One would hope this has an impact on the discussions on the delay. But I doubt it.

Great role for Japan in military matters?

It looks like the United States is supporting an enlarged role for Japan in security and military matters:

The foreign affairs and defense chiefs of Japan and the United States agreed Thursday to revise bilateral defense cooperation guidelines by the end of 2014 so the joint security alliance reflects rising threats in the Asia-Pacific region.

In the “two-plus-two” meeting, in which the participants for the first time in Tokyo involved all the heads of their respective ministries, the four agreed that the guidelines, last revised in 1997 to outline how the Self-Defense Forces and U.S. military should cooperate, must be changed to take into account the North Korean ballistic missile and nuclear threats, as well as cyber-attacks and terrorism.

Foreign Minister Fumio Kishida and Defense Minister Itsunori Onodera and their American counterparts, Secretary of State John Kerry and Defense Secretary Chuck Hagel, also confirmed that steps would be taken to reduce the concentration of U.S. military bases in Okinawa.

As if to highlight the irony, when I walked into work this morning, there were two newspapers on the table—the Chosun Ilbo with an article on the front page about the US supporting Japan’s enlarged military role, and the Hankyoreh with a front-page article about Korea delaying the transfer of wartime operational command.

Anyway, in its editorial on the matter, the Chosun Ilbo warned the United States that it would first need to earn the understanding and agreement of nations victimized by Japanese imperialism before it expanded security cooperation between Korea, Japan and the United States. In particular, Washington can no longer be a bystander in Korea—Japan historical disputes. It must clearly convey to Japan what its historical duties are and warn Tokyo against actions that run counter to those duties.

Mind you, the Chosun doesn’t oppose greater tripartite security cooperation. It just thinks a) Korea needs time to convince the people why its necessary and b) the United States needs to lean on the Japanese to play nice. Oh, and Korea needs to consider how to ensure such cooperation doesn’t lead to problems with China. Good luck with that.

I like the F-15 as much as the next guy, but…

With the final selection of Korea’s next-generation fighter set for Sep 24, we’ve got quite a few folk unhappy with the sole choice on the table, the F-15 Silent Eagle.

And by “quite a few unhappy folk,” I include 15 former chiefs of the ROKAF, who naturally wonder why Korea should be buying a “next-generation” fighter based on a 40-year-old airframe:

“We can’t just choose minicars over sedans because they are cheap,” said Kim Hong-rae who served as the air force chief of staff in 1994 and 1995.

“Like the United States and Japan, we need F-35s as fifth-generation aircraft. We can wait another one or two years, looking ahead 40 years, with the finally selected fighter jets,” Kim told Reuters, referring to any delay if the current process is cancelled.

The “F-15SE is still a paper airplane under development based on 1970′s models, which raises lots of questions on the effectiveness” of upgrading the F-15 platform, the statement said. “Japan recently bought 42 F-35s and the crucial weapons system to deter North Korea’s threats is a stealth fighter,” it added.

Of course, the problem with the F-35 is that exceeds the budget allocate for the project (probably something that would apply to the United States, too. Just ask John McCain). That and there were quite a few questions about the fighter even before it was disqualified for cost reasons.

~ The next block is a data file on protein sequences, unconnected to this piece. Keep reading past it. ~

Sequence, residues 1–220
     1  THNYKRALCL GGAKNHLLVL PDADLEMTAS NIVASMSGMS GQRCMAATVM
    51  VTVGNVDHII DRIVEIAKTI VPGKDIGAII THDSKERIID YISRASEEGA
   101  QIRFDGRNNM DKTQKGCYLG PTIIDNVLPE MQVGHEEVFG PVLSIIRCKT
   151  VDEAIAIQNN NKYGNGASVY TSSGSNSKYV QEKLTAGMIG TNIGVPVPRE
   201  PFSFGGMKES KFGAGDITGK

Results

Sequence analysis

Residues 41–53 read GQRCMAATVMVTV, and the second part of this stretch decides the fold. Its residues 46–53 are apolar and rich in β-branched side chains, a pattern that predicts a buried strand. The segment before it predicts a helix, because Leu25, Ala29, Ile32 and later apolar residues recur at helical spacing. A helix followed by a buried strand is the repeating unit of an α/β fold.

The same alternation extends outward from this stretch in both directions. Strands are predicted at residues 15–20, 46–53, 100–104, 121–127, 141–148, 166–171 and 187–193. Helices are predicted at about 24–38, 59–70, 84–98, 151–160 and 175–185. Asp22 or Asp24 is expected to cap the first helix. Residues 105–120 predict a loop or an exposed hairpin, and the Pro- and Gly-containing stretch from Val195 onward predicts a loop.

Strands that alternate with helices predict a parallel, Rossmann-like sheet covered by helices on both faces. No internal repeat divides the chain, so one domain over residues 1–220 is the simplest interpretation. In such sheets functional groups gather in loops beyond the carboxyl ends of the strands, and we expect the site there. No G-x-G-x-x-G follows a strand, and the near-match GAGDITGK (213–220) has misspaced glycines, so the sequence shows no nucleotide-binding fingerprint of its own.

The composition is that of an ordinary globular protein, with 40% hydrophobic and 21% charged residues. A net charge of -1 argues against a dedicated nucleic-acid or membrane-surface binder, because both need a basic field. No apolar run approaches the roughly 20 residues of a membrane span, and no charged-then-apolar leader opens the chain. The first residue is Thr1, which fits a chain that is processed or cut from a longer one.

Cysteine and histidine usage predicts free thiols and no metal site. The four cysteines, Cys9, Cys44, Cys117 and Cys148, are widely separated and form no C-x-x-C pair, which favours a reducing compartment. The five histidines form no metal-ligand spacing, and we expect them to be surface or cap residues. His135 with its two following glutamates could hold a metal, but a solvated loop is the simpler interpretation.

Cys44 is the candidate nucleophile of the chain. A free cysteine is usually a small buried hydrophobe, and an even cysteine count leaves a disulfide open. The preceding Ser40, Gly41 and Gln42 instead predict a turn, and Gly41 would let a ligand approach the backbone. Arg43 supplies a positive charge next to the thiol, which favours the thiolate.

In the end, the F-15SE may get disqualified, too, since it is only partially stealthy. The ROKAF—and more vocally, its former chiefs—wants a fully stealth aircraft to scare the crap out of the North Koreans—the appearance in Korea of American F-22s was enough to keep late North Korean leader Kim Jong-il indoors, after all. And yeah, China and Japan are developing/buying them, so Korea needs them, too. Or so the argument goes.

On the other hand, some argue against getting too fixated on stealth. Nothing is completely stealth, and at any rate, the Russians and Japanese are working on new radar systems to detect stealth fighters. Besides, for the cost of buying stealths, it might be more effective to buy more of the cheaper stuff to attack the North with after North Korea’s air defense system has been neutralised by missiles or American stealth aircraft. Or so some government official told the JoongAng Ilbo.

Korea asks to postpone operational command transfer. Again.

We’re never going to transfer wartime operational command, are we?

A top U.S. government official said Tuesday South Korea has requested another delay in the schedule to regain operational control (OPCON) of its troops in the event of war.

“I know that has been proposed by the South Korean government, and we are looking at that, working with the South Korean government,” the official told Yonhap News Agency on background.

Related consultations are under way between the allies, with the White House and the State Department handling the issue, added the official.

He emphasized that the U.S. would not “abruptly make decisions that would impair or endanger the security of South Korea.”

“We need to keep working on this,” he said.

Keep working on this? I thought we did work on it—two Korean presidential administrations ago.

To be fair to the Korean side, I don’t think the Koreans ever wanted to take back wartime operation command in the first place. That is to say, I believe it was something forced on Korea by the Americans as a result of then-President Roh Moo-hyun doing what he did best—miscalculating: